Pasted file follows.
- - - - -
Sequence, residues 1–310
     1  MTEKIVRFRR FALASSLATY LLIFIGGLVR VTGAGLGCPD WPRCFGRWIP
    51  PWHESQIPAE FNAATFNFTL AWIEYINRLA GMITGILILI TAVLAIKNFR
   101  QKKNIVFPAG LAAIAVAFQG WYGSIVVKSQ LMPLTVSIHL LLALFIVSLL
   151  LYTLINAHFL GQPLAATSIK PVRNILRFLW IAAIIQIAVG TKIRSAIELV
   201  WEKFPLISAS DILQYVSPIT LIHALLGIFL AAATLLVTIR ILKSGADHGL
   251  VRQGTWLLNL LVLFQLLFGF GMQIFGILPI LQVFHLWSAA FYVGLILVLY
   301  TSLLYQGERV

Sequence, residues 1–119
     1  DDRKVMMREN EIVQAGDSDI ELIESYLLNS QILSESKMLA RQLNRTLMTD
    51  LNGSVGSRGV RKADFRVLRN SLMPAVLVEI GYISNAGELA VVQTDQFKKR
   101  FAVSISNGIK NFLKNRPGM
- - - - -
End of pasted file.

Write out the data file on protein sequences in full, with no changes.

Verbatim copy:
Sequence, residues 1–310
     1  MTEKIVRFRR FALASSLATY LLIFIGGLVR VTGAGLGCPD WPRCFGRWIP
    51  PWHESQIPAE FNAATFNFTL AWIEYINRLA GMITGILILI TAVLAIKNFR
   101  QKKNIVFPAG LAAIAVAFQG WYGSIVVKSQ LMPLTVSIHL LLALFIVSLL
   151  LYTLINAHFL GQPLAATSIK PVRNILRFLW IAAIIQIAVG TKIRSAIELV
   201  WEKFPLISAS DILQYVSPIT LIHALLGIFL AAATLLVTIR ILKSGADHGL
   251  VRQGTWLLNL LVLFQLLFGF GMQIFGILPI LQVFHLWSAA FYVGLILVLY
   301  TSLLYQGERV

Sequence, residues 1–119
     1  DDRKVMMREN EIVQAGDSDI ELIESYLLNS QILSESKMLA RQLNRTLMTD
    51  LNGSVGSRGV RKADFRVLRN SLMPAVLVEI GYISNAGELA VVQTDQFKKR
   101  FAVSISNGIK NFLKNRPGM